Thursday, June 09, 2005

 

Peer Review, Small Audiences, and The Incredible Shrinking Guilds

A friend recently asked me who I’ve been reading. I had to admit that most of the folks I’ve been reading for the last several years have been from outside my home discipline. (I don’t just mean the management lit, but the stuff I read to keep my ‘scholarly’ side alive.) When asked why, I could only say that the stuff from cognate disciplines is simply better – better focused, less caught up in the fetish of methodology, less imprisoned by footnotes, more willing to take risks.

From what I’m told by people in those cognate disciplines, though, the same problems hold true there, as well; I’m just reading the exceptions.

Without taking my personal taste as normative, I still have to wonder how a field with such wonderfully interesting subject matter became mired in such turgid irrelevance. When I try to think of contributions to the public discourse to emerge from my field in the last thirty years, I can think of exactly one, and that one is iffy.

What the hell? How can so many bright people, applying rigorous (and very, very extended) study to compelling issues, produce such unreadable crap?

I’m beginning to suspect ‘peer review.’ In order to be taken seriously, a scholarly article needs to be ‘peer reviewed,’ or given the stamp of approval by people already in the field. The idea is to prevent quackery, or faddism, and to keep a premium on academic rigor.

Well, okay, but has it worked?

Freakonomics and Moneyball, two of the more interesting popular books of the last few years, are both premised on the (empirically-tested) idea that groupthink can trump evidence. They both tell stories of people using empirical proof to show that articles of faith among ‘experts’ in a given field are either false or badly limited. In both books, the empirical evidence had to become overwhelming before the groupthink was broken.

What would a Freakonomics or Moneyball of academia look like?

Some fields lend themselves easily to reality checks. An engineer friend used to like to tell the story of the first-day lecture by a prof in her first semester of grad school: You Build Bridge. Bridge Fall Down. No Partial Credit! If the bridge falls down, peer review ain’t gonna save it. Other fields, like literature, are impervious almost by definition. If the very subject matter is, by definition, fiction, then empirical evidence can only be of glancing relevance.

(Before the inevitable flaming, let me just admit that I’m using broad strokes here. Certainly, it’s possible to discover new facts about old texts. Although I’m using Manichean language here, I’ll admit that there’s more of a continuum in reality. Polemical license.)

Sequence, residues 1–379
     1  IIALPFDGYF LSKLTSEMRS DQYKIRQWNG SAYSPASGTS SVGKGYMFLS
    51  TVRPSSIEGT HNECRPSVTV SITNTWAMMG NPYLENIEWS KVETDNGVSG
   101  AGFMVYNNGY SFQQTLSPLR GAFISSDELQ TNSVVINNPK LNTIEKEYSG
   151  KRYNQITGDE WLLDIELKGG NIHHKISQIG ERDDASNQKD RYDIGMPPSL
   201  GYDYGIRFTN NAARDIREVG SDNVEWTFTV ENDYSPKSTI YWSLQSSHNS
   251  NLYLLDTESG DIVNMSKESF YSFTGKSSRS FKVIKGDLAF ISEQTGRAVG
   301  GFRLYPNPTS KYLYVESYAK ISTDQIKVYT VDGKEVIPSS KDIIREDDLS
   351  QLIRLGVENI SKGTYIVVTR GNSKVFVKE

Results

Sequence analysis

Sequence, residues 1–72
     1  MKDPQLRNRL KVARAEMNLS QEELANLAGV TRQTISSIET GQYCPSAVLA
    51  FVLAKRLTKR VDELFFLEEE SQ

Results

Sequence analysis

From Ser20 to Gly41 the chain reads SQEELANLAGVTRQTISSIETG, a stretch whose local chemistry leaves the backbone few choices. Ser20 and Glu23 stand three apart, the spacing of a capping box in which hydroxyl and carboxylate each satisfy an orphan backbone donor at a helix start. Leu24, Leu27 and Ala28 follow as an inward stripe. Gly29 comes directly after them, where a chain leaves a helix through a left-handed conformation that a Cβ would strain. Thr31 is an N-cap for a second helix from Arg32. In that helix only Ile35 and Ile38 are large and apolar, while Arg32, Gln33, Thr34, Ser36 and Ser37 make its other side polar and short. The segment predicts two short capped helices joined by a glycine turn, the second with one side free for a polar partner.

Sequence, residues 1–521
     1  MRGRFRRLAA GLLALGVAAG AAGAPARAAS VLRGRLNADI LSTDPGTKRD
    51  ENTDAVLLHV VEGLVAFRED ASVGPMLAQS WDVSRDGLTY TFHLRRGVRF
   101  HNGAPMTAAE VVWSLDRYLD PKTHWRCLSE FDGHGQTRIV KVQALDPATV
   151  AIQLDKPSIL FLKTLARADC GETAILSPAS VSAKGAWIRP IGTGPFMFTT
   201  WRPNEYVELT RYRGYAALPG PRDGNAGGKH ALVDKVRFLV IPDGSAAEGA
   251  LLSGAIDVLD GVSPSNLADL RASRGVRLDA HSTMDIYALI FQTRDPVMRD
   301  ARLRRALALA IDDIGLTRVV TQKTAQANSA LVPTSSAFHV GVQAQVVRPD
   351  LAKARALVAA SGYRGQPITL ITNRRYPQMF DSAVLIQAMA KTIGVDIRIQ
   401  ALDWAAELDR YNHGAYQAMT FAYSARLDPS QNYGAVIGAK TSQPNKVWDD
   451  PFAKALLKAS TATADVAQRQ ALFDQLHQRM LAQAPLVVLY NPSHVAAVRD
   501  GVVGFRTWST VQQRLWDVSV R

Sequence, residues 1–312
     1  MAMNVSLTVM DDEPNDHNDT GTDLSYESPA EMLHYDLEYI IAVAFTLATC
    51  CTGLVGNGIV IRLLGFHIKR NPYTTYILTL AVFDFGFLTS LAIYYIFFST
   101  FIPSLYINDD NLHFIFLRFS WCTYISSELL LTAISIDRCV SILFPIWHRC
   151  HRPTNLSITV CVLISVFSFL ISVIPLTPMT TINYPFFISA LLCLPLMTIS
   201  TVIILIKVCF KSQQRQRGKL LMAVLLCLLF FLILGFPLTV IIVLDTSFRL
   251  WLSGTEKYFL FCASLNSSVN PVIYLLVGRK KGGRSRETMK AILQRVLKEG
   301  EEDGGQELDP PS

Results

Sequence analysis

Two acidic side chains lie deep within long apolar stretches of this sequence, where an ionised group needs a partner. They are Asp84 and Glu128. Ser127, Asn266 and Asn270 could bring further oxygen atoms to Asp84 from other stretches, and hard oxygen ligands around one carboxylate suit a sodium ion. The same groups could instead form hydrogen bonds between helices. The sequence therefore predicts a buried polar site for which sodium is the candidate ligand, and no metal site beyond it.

In the social sciences, we’re somewhere in between. There are some basic facts we can use to check interpretations – I recall explaining to one incredulous undergrad that Hamilton couldn’t have been influenced by Marx, because Hamilton died before Marx was born — but there’s also considerable space for interpreting the facts that exist. More basically, there is considerable disagreement over what constitutes an interesting problem.

In theory, I guess, peer review could help make up the difference between what we can verify objectively and what makes for a good interpretation. In practice, though, it seems to fall prey to a really dreary version of groupthink. A typical journal submission will be sent to three ‘peers’ to review. If one of those three doesn’t find the problem interesting, that’s that.

Interesting-ness was never supposed to be a criterion. Peer review is the worst possible mechanism for determining interesting-ness. In a sample size that small, interesting-ness is somewhere between groupthink and whim.

Accordingly, we get journal articles about ever-smaller and more specialized subjects (such as would appeal to, say, three reviewers), using ever more arcane methods (each carefully footnoted), while the world blissfully ignores everything we say.

I think this is part of why so many younger academics have taken to blogging. The gatekeepers are so caught up in the internal fetishes of their respective guilds that they’ve lost sight of the big picture. Blogging gets rid of the gatekeepers, and lets authors find their own peers. If the people who find my stuff interesting come from literature, or engineering, or chemistry, that’s cool.

As a biochemist correspondent noted, guilds were built to ensure that production took place in the interests of the producers. When consumers found other options, the guilds dissolved rapidly. I see the guild system of publishing (and all that goes with publishing) starting to break down. The growth of the University of Phoenix (and of business majors generally) is a signal from the public that we’ve stopped talking about what they care about. The academic job market, as brutal and perverse as it is, is a kind of reality check; the guilds are losing their ability to reproduce themselves. Maybe they’re producing what nobody wants?

Sorry for such a shaggy rant. I haven’t nailed this one down yet. Any thoughts?



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